Tail Injuries in Cats: Causes, Symptoms, and Treatment

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Fact checked by  Dr. Lizzie Youens BSc (Hons) BVSc MRCVS
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Sick yellow cat with bandage on tail

Quick Overview: Disease Summary

search Common Symptoms: Sore, inflamed or bent tail, and visible wounds or cuts
pill Requires Ongoing Medication: Possibly, in severe cases with nerve damage
jam-medical Treatment Options: Medication such as antibiotics, anti-inflammatories and pain relief, rest, surgery in more severe cases
home-treatment Home Treatment: Lots of monitoring and TLC, keep indoors when injured, easy access to food and water

Cats are adventurous and curious pets. Unfortunately, their curiosity can sometimes cause them to get injured. Tail injuries in cats are a common occurrence and one that I see regularly as a vet. Cats, particularly ones with outdoor access, can easily injure extremities such as their tail and limbs.

Cats’ tails are important structures and injury to them can be very serious – especially if the nerves are damaged. In this article, I’ll discuss everything that you need to know about the causes of tail injuries in cats, the symptoms and what you can do to help your cat.

Causes of Tail Injuries in Cats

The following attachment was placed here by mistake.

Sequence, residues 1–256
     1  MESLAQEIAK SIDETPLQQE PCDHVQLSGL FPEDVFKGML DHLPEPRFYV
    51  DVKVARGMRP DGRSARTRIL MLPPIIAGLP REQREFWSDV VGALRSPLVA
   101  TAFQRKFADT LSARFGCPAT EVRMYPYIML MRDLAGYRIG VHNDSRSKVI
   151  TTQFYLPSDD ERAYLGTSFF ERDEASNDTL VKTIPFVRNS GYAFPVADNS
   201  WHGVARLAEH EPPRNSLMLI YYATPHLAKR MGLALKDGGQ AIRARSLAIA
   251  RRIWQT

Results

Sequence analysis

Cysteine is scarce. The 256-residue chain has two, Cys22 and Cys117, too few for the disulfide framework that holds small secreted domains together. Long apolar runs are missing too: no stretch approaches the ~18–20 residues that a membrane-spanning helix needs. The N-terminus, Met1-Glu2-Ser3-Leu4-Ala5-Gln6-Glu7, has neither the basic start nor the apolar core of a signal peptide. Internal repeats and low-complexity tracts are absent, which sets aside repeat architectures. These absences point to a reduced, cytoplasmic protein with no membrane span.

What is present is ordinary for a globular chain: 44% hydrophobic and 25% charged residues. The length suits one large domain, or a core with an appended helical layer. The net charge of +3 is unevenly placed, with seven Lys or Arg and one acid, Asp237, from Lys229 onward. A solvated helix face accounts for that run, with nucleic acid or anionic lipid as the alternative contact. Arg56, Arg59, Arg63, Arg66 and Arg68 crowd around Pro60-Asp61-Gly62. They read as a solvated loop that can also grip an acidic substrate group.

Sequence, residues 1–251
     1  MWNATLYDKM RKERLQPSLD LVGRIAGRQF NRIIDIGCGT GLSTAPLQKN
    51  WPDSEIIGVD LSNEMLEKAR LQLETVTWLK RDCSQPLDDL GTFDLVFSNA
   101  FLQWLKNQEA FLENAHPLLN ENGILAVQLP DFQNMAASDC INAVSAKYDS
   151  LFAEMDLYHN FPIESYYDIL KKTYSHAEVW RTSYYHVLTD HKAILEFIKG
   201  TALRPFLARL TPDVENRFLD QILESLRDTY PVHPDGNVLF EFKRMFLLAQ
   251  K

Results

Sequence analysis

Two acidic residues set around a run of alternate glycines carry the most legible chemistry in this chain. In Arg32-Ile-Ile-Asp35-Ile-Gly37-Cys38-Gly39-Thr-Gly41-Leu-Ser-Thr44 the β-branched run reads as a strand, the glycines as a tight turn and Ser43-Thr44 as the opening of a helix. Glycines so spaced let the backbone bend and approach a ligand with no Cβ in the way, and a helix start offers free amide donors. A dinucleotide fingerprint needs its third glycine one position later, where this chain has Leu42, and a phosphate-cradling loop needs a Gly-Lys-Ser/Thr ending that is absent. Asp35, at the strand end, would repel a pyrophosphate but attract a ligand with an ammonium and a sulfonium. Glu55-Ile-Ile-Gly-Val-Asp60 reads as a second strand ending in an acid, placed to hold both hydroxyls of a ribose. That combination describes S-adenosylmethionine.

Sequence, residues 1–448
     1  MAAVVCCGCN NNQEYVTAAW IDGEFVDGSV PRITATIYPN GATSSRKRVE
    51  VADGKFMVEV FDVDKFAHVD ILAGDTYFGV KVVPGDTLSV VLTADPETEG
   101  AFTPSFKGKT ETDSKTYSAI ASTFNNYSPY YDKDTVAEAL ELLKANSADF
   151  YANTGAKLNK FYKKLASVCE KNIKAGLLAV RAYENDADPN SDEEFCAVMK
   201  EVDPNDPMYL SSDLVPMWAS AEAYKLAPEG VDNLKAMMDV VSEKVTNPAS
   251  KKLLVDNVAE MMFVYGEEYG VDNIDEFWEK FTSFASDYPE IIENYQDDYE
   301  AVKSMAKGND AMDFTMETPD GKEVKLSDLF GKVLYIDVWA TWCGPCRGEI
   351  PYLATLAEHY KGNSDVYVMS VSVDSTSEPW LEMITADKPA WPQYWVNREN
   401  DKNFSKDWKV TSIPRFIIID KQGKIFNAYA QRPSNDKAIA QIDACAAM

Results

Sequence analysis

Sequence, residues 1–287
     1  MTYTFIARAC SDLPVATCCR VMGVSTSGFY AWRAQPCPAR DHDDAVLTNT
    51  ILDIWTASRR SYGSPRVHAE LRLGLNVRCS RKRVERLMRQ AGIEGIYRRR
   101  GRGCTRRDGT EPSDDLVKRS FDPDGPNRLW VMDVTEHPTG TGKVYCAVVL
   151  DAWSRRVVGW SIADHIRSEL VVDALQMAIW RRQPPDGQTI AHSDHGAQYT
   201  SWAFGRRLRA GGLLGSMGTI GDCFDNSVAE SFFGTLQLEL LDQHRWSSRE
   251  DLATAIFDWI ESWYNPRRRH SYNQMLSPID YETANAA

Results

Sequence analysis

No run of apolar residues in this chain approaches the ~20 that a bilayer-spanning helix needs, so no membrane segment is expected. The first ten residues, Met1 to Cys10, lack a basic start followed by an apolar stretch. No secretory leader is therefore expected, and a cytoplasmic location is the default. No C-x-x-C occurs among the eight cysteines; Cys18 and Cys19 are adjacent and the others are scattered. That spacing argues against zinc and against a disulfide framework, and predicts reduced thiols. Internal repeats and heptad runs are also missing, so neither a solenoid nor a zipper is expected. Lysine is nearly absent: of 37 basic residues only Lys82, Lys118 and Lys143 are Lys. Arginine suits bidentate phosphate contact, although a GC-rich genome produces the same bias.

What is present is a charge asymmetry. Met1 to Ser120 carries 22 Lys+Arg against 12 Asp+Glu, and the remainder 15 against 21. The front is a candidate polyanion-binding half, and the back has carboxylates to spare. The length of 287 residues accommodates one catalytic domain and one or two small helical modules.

Many cat owners reading this may have already experienced a tail injury in their cat – it’s a common injury in felines, as their tails can easily get stuck in things, cut or bitten. Tail injuries are more common in cats with outdoor access, as the risk of injury from other cats, dogs, cars and the environment is much higher.

The common causes of tail injuries in cats include:

Abrasions and Cuts

Just like any other part of the cat’s body, their tail can suffer from cuts or lacerations if they come in contact with something sharp. As cat’s tails are quite long and agile, they are more exposed to sharp things on the ground. Cuts or lacerations may be hard to see with cat’s fur, but there will likely be some blood or swelling present.

Cat Fight Injury

Territorial fights are common with cats and unfortunately, bites and scratches on the tail are all too common. Bite wounds on the tail usually occur when a cat is trying to run away from the other cat. They can be extremely painful and sensitive to touch, and your cat will likely react badly when you examine them. Bite marks may be visible and there will likely be some swelling, redness and discharge around the wounds.


Bites or wounds on the tail can form an abscess, which is large pocket of pus due to infection. This usually occurs after a bite from another cat but it can occur with bites from dogs, other animals or insects. Abscesses form large swellings that eventually burst and drain and are very painful.

Tail Fracture/Dislocation

Cats love to venture outdoors: climbing walls and exploring their environment. Unfortunately sometimes this may lead to their tail getting stuck in doors/fences or getting hit by a car. This may lead to a tail fracture/broken tail or dislocation of one or more of the bones in the tail. Cats with fracture/dislocation will be very sore around their tail, may not move their tail or their tail may be bent at an angle.

Skin Allergies